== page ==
We therefore expect a mild increase in funding costs and a mild slowdown in credit growth. The 2018 consumer price index inflation target has been set at 3 percent, unchanged for the past three years. We see it at 2.7 percent, up from 1.6 percent last year, on higher food prices and rising service costs.
A “macro leverage” target, referring to the debt/GDP ratio, has been introduced in the Work Report and indicates as remaining largely stable. Deleveraging has been in addition to the policy agenda since the second quarter of 2017, given the rapidly rising debt-to-GDP ratio. The Work Report also calls for a streamlined and more efficient regulatory framework, led by the Financial Stability and Development Committee of the State Council, China’s cabinet.
Announced regulatory tightening measures have expanded from traditional financial institutions to Internet financing and the real economy. Major highlights include:
Further regulatory tightening for financial institutions
Financial supervision will focus on financial products and functions under the new streamlined framework. Supervision of banks will emphasize shifting their off-balance-sheet business, including wealth management products and negotiable certificates of deposit, back to the balance sheet, as well as limiting interbank financing, their channel business and investment in non-standard products. New regulations on brokers and trusts will focus on controlling asset pool products, increasing net capital requirements and improving transparency. Increased regulations on insurers will include bans on universal insurance sales and non-standard products.
Strengthened Internet financing regulations
Internet financing in China has grown to become a 12 trillion yuan market (as of 2017) over the past five years, but this growth has been accompanied by rising defaults, frauds and scandals. The government’s tone on Internet financing in Government Work Reports has thus evolved from “promoting healthy development of Internet financing” in 2014 and 2015, “regulating Internet financing development” in 2016, and “staying alert to Internet financing risks” in 2017, to “strengthening comprehensive regulations on Internet financing” in 2018. Regulatory measures on peer-to-peer, crowdfunding and third-party payments have been announced and circulated.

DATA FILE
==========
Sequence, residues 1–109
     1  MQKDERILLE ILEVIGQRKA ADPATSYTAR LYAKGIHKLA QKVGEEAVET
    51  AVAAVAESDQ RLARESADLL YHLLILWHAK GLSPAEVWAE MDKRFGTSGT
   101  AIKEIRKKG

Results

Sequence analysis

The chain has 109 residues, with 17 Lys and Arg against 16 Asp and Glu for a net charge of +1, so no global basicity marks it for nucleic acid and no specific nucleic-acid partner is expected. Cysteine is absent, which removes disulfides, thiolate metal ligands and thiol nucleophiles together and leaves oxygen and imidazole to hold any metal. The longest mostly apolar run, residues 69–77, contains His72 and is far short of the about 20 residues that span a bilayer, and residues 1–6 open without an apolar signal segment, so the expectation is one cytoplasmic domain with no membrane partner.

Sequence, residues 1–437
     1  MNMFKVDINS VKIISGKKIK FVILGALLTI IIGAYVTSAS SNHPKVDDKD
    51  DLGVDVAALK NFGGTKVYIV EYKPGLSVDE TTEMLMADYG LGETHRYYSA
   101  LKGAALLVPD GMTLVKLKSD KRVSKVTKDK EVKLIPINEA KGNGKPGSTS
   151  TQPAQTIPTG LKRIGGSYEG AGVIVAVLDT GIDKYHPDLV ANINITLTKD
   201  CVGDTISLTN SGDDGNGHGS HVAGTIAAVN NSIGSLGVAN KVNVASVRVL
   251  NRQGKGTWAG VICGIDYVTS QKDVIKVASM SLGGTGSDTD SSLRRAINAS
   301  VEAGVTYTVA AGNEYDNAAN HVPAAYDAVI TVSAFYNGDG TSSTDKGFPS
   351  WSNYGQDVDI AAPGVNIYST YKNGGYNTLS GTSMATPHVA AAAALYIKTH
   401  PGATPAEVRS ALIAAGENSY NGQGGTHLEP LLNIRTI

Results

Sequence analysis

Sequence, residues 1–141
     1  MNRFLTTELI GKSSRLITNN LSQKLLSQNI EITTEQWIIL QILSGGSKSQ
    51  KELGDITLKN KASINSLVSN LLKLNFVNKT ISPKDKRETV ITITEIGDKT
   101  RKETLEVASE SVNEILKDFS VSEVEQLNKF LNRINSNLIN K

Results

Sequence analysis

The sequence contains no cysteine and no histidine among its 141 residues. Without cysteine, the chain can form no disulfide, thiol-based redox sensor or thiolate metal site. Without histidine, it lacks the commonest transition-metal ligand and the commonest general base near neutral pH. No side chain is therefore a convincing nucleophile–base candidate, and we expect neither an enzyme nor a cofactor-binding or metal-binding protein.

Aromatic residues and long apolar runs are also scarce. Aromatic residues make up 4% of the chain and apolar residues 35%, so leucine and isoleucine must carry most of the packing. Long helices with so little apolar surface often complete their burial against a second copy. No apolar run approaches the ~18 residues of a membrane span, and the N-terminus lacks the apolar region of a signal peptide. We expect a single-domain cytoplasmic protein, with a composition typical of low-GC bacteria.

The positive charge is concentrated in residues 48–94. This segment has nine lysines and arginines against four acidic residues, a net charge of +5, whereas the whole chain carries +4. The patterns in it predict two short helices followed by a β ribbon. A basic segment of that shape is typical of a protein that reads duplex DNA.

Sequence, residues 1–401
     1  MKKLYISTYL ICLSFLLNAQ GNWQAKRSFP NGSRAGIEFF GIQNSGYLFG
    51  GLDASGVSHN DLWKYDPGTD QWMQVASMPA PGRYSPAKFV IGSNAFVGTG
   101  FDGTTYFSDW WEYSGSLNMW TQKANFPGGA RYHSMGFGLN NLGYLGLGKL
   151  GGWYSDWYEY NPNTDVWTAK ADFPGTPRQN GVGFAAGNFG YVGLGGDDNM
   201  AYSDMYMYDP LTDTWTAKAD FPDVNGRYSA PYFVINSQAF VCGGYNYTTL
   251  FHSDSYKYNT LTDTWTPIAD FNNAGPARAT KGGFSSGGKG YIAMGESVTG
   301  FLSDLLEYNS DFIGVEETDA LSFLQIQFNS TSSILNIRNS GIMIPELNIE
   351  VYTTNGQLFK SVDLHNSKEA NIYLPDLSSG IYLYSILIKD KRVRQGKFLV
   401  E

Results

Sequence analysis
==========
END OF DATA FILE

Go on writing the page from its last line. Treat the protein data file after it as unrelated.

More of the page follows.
Real economy leverage ratios capped
Surging State-owned enterprise (SOE) and local government debts have driven the rise of “macro leverage”. The government has reiterated the restructuring of SOEs and the closure of zombie companies, highlighting measures such as capacity reduction, the introduction of strategic partners, incentive plans, public listings and debt-equity swaps. Further emphasis has been laid on stricter control on LGFV borrowing and PPP participation, as well as more transparent and responsible management of inter-temporal government budgets.
The Government Work Report, which marks the 40th anniversary of China’s “reform and opening-up” policy, reiterates the need to further open up the market to foreign investors. The government remains committed to speeding up market opening-up in extended fields, including further opening up the manufacturing sector, and starting to open up telecommunications, healthcare, education and new-energy vehicle sectors; easing or removing restrictions on foreign shareholdings in the financial sector, including banking, securities, futures and asset management; granting tax deferrals to overseas investors for their reinvestment profits made in China; lowering import tariffs on automobiles and certain consumer goods; and establishing more free trade zones nationwide.
The author is regional CIO and chief China economist, UBS Global Wealth Management.